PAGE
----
Kazuko Shibuya

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Kazuko Shibuya
渋谷 員子
Born (1965-09-04) September 4, 1965 (age 57)
OccupationVideo game artist
Years active1986–present
EmployerSquare Enix
Notable workFinal Fantasy, Romancing SaGa, Mana

Kazuko Shibuya (Japanese: 渋谷 員子, Hepburn: Shibuya Kazuko, born September 4, 1965) is a Japanese video game artist. She is best known for her work with Square (now Square Enix), in particular with the Final Fantasy series.


Shibuya was born in 1965. While in middle school, she began creating illustrations and animations inspired by anime series including Space Battleship Yamato and Galaxy Express 999. As a high schooler she enrolled in a technical school to study animation and worked part-time for animation studios on popular anime including Transformers, Area 88, and Obake no Q-taro. In 1986, as she was losing interest in animation work, she was recruited by video game company Square.[1]

Shibuya's first work for Square was providing illustrations for Alpha's game manual and graphics for several games in development. In 1987, prompted by the success of Enix's Dragon Quest the previous year, Square released Final Fantasy.[2] Shibuya created graphics including characters, spells, monsters, fonts, menus, and the game's opening bridge scene. By Final Fantasy II, she was one of two designers creating all the pixel art for the game.[1]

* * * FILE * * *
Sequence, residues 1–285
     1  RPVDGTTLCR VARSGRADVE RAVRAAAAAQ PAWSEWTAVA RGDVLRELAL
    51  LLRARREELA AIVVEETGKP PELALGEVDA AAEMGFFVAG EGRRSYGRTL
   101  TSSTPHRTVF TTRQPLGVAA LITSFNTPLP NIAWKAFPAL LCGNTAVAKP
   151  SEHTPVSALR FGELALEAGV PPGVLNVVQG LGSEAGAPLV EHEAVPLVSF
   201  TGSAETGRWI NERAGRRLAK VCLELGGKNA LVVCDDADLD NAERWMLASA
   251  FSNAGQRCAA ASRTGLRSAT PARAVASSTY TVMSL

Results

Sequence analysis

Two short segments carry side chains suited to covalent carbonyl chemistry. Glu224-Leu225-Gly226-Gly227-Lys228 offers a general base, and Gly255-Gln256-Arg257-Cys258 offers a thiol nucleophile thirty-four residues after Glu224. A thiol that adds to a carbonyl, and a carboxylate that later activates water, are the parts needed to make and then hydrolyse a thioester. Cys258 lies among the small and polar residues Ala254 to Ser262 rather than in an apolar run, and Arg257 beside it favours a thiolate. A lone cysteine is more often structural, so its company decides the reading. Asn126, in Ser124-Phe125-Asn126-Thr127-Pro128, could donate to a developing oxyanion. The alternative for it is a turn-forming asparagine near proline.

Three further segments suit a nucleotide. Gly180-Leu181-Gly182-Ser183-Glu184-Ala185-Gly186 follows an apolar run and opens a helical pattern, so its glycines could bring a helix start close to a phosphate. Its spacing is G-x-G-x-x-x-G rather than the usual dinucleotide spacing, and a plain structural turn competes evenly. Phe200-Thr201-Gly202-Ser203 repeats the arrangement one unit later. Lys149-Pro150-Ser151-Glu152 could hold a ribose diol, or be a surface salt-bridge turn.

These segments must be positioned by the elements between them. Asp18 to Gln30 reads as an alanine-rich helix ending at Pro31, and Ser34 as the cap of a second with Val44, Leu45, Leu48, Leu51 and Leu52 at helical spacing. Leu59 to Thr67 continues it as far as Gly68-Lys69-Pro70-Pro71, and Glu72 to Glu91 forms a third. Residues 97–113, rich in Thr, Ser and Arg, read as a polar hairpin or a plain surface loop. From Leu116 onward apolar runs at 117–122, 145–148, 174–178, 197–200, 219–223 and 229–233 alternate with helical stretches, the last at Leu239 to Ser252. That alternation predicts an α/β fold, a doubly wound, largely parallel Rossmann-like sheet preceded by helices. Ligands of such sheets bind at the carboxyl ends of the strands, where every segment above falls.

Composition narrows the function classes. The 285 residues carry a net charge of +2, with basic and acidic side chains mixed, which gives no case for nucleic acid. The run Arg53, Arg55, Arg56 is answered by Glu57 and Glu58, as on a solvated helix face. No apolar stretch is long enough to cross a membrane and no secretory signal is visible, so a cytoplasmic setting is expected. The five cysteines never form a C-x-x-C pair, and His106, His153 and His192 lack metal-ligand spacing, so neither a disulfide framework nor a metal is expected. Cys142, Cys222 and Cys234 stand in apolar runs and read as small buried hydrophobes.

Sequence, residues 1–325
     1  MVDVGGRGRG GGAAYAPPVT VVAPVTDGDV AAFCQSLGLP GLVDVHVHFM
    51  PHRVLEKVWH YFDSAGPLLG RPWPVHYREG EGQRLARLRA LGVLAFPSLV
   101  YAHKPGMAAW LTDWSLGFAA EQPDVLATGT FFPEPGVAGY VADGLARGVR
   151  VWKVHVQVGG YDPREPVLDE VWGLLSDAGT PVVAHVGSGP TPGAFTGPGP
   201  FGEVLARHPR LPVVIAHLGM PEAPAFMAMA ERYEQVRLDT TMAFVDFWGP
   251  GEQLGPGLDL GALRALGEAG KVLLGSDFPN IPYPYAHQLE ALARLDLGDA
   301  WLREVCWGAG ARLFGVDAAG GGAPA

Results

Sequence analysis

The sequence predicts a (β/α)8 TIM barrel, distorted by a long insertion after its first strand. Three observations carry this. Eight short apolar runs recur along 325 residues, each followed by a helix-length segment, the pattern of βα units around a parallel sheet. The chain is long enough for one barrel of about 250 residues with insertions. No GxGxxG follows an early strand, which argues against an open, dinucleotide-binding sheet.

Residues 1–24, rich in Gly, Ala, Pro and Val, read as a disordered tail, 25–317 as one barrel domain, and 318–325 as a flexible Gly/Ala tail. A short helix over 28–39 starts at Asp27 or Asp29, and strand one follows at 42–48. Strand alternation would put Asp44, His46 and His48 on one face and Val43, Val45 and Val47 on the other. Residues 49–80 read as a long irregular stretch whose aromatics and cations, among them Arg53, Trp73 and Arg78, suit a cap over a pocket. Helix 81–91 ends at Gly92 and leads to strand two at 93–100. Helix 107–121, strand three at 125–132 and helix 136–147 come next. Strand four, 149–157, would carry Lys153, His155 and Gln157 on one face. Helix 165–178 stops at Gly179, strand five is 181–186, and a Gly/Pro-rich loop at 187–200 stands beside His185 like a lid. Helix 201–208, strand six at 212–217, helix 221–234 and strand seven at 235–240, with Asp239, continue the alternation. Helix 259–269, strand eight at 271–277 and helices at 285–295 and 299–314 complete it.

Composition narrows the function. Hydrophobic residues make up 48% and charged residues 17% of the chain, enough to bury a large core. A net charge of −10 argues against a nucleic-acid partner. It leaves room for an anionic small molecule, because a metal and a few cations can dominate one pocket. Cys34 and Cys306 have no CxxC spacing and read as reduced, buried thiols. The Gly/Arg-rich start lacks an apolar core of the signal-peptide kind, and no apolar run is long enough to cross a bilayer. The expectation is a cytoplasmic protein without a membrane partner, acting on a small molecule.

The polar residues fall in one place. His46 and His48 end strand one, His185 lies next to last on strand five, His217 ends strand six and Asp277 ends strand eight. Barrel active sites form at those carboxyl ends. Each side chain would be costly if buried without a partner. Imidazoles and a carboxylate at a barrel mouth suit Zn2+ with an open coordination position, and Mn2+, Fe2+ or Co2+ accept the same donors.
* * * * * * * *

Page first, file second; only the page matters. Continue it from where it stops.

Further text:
Shibuya went on to design graphics for other Final Fantasy games, most notably the iconic chibi versions of characters, monsters, fonts, and menus. She was the primary pixel artist for many well-known games including entries in the SaGa series and Mana series (of which she created all the graphics for the first game).[3]

In 2019, during a lecture at Japan Expo Paris, Shibuya was invited by Women in Games to be a member of honour.[4]

Notable works[edit]

See also[edit]


  1. ^ a b c d e f g Ogura, Masaya (March 16, 2013). "「最近目指しているのは,洗練された美しいドット絵,ですね」――FF誕生以前から,アルバム「FINAL FANTASY TRIBUTE ~THANKS~」までを,スクウェア・エニックスのデザイナー・渋谷員子氏に振り返ってもらった" ["What I'm aiming for recently is a beautiful and beautiful dot picture."-Looking back on the album "FINAL FANTASY TRIBUTE ~ THANKS ~" from before FF to Shunko Shibuya, the designer of Square Enix received]. 4Gamer (in Japanese). Archived from the original on July 25, 2019. Retrieved August 28, 2019.
  2. ^ Fujii, Daiji (2006). "Entrepreneurial Choices of Strategic Options in Japan's RPG Development" (PDF). Okayama University. Archived from the original (PDF) on December 30, 2008. Retrieved August 28, 2019.
  3. ^ Agossah, Iyane (July 5, 2019). "Final Fantasy Pixel Artist Kazuko Shibuya Comments on Her Career and the JRPG Series' Early Days". DualShockers. Archived from the original on August 28, 2019. Retrieved August 28, 2019.
  4. ^ Audureau, William (July 9, 2019). "Kazuko Shibuya, la reine des pixels des premiers " Final Fantasy "" [Kazuko Shibuya, the queen of the pixels of the first "Final Fantasy"]. Le Monde (in French). Archived from the original on August 27, 2019. Retrieved August 28, 2019.
  5. ^ a b c d e f g h i j k l m n o p q 4Gamer (March 1, 2013). "Kazuko Shibuya – Square Developer Interview". Shmuplations.com. Archived from the original on May 18, 2016. Retrieved May 13, 2020.
  6. ^ Osborn, Alex (December 17, 2015). "Final Fantasy 6 Advance Coming to Wii U Virtual Console in Japan". IGN. Retrieved April 20, 2020.
  7. ^ Gantayat, Anoop (July 26, 2010). "Final Fantasy Legends Detailed". Andraisang. Archived from the original on March 3, 2016. Retrieved May 13, 2020.
  8. ^ Sato (October 26, 2017). "Final Fantasy Dimensions II Is Finally Headed Westward With A November 1 Launch Date". Siliconera. Retrieved May 13, 2020.
  9. ^ Sato (February 4, 2016). "Adventures of Mana Is Now Available, Producer Shares A Message For Fans". Siliconera. Retrieved May 13, 2020.